Why on earth is this concept - the spiral progression of knowledge - not all the rage even in Objectivist circles, much less wider philosophy circles? (That you'd never hear the phrase "spiral progress of knowledge" in philosophy circles outside of Objectivism . . . well, it's just part of that pattern of failure of non-Aristotelian philosophy I've been harping about.) Peikoff got into the subject in Understanding Objectivism and it's like the idea has just been hanging there for almost 30 years, hardly ever brought up, hardly ever mentioned. Google the phrase. It's all too obscure, when it damn well shouldn't be. This is one insidious thousandfold-multiplied effect of the, ahem, imperfectly exclusive format in which Understanding Objectivism currently exists. It's ridiculous. Bizarrely enough, not even Sciabarra in all his comprehensiveness explicitly incorporates this concept in his dialectical methodology. (It's gotta be there at least implicitly - I mean, it's all supposed to be integrated, right? Of course it is.)
How does such a deficiency go so unnoticed?
I suppose I'll just have to take up the subject and develop it myself. I mean, what else has this blog been, but an exercise in the spiral progression?
Preliminary thoughts on the subject:
I think of the spiral as something like this: You have an integrated body of knowledge but it's developed only so much at a given point in time - meaning there are deficiencies or ill-formed aspects that are later recognized as such from a more advanced perspective. Certain points, concepts, concretes, principles, etc., are approached and thought about, the most cognitively-relevant aspects (in that context) being grasped and retained for future access (see: Subconscious), and then left for the time being as other points, concepts, etc. are approached and dealt with . . . and then, at some future time, the points, concepts, etc. are returned to afresh, and re-integrated, with any necessary modifications, into the newly expanded body of knowledge . . . and on it goes. This is why I find it so bizarre that Sciabarra didn't go whole-hog with this idea, because the progression is so dialectical-sounding. Hell, it's a progression, for crying out loud, a perfective activity. Then again, perhaps the whole point is that not every base has to be covered at any one time; rather, the idea is to formulate the principles by which to cover bases as knowledge expands. (Trying to cover every possible base at a given time without context-sensitivity is symptomatic, not of perfectivism, but of "perfectionism" in the perjorative sense, which holds omniscience as the standard.) That's how you get the idea that a system of thought such as Objectivism serves as its own defender, where rationality in this premise-checking, spiral-progression sense is the primary virtue. And, of course, the ancient master-integrator, Aristotle, sets the tone. I don't know how you have a fully-developed systematizing empiricism without the Spiral concept. It'll be fun to compare my future developments of the idea of the spiral progression with this seedling here, and revel in the self-reinforcing, invincible, undeniable quality of it all. :-) Also, I think there's another, all-encompassing term for this dynamic mental process: Logic. (See also: Induction and Deduction, Psycho-Epistemology, Automatization, Method.)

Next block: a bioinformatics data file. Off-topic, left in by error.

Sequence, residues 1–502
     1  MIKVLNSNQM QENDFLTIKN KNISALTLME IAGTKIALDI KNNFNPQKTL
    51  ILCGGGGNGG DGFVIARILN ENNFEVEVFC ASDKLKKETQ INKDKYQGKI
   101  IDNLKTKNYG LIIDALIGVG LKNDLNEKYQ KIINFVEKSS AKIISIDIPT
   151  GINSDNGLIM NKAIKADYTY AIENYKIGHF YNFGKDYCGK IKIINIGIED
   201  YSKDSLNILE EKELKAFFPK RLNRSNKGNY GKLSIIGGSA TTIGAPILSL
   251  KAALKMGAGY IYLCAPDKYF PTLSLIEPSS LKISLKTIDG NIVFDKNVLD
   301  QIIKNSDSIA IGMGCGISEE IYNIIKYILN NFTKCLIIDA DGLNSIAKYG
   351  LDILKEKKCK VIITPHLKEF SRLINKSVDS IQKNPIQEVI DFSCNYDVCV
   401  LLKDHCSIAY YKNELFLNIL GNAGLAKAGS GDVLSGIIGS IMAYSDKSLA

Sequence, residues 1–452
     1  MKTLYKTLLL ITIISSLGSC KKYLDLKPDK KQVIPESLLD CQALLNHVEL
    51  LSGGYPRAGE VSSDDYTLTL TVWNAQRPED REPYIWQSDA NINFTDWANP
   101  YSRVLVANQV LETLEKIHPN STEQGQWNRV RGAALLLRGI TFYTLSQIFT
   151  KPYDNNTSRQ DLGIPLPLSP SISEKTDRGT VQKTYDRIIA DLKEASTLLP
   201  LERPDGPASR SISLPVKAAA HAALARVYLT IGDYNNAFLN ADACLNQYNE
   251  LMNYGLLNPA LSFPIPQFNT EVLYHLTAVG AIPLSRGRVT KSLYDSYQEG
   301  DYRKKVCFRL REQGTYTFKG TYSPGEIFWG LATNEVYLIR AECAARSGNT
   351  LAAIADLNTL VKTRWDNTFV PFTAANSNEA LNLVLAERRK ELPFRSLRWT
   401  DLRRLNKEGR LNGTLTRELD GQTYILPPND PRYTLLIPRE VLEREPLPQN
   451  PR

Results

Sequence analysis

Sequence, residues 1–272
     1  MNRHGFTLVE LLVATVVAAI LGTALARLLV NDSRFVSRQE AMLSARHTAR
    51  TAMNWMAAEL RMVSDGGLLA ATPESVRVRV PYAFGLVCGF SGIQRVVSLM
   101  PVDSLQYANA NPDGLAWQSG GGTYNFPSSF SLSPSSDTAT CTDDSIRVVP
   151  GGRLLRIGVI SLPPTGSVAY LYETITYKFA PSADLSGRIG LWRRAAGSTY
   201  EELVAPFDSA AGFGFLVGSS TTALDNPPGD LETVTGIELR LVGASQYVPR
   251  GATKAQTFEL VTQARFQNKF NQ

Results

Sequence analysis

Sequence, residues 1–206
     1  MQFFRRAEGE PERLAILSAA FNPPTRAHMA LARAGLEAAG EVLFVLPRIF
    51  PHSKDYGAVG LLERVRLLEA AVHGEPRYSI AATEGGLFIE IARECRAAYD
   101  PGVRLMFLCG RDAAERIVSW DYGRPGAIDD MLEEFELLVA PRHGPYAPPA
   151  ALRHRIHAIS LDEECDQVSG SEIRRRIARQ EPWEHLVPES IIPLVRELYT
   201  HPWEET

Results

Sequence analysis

[ADDENDUM: Now, an assignment of sorts - a mission, if you will, should you choose to accept it: Read through the postings in this blog in reverse order going back to the start of this year, follow the many leads contained therein, and integrate, integrate, integrate! You, too, can and should become a Perfectivist through this process. You'll also earn yourself a big head-start on what's to come for this country. "To save the world is the simplest thing in the world. All one has to do is think." - Leonard Peikoff. In the meantime, while you do your own thinking, I've got a book to write....]